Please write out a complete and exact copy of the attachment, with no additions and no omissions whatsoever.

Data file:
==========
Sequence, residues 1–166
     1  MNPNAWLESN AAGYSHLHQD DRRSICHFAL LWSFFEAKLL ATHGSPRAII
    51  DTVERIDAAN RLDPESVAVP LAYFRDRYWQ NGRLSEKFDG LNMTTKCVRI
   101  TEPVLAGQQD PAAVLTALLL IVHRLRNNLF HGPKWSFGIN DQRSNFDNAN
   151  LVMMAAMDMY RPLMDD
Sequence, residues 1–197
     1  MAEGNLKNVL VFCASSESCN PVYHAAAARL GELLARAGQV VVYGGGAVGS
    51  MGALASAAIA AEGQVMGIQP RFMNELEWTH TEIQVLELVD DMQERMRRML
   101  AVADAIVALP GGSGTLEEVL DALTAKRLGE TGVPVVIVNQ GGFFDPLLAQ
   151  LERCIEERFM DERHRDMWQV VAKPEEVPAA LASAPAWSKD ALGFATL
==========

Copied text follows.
Sequence, residues 1–166
     1  MNPNAWLESN AAGYSHLHQD DRRSICHFAL LWSFFEAKLL ATHGSPRAII
    51  DTVERIDAAN RLDPESVAVP LAYFRDRYWQ NGRLSEKFDG LNMTTKCVRI
   101  TEPVLAGQQD PAAVLTALLL IVHRLRNNLF HGPKWSFGIN DQRSNFDNAN
   151  LVMMAAMDMY RPLMDD
Sequence, residues 1–197
     1  MAEGNLKNVL VFCASSESCN PVYHAAAARL GELLARAGQV VVYGGGAVGS
    51  MGALASAAIA AEGQVMGIQP RFMNELEWTH TEIQVLELVD DMQERMRRML
   101  AVADAIVALP GGSGTLEEVL DALTAKRLGE TGVPVVIVNQ GGFFDPLLAQ
   151  LERCIEERFM DERHRDMWQV VAKPEEVPAA LASAPAWSKD ALGFATL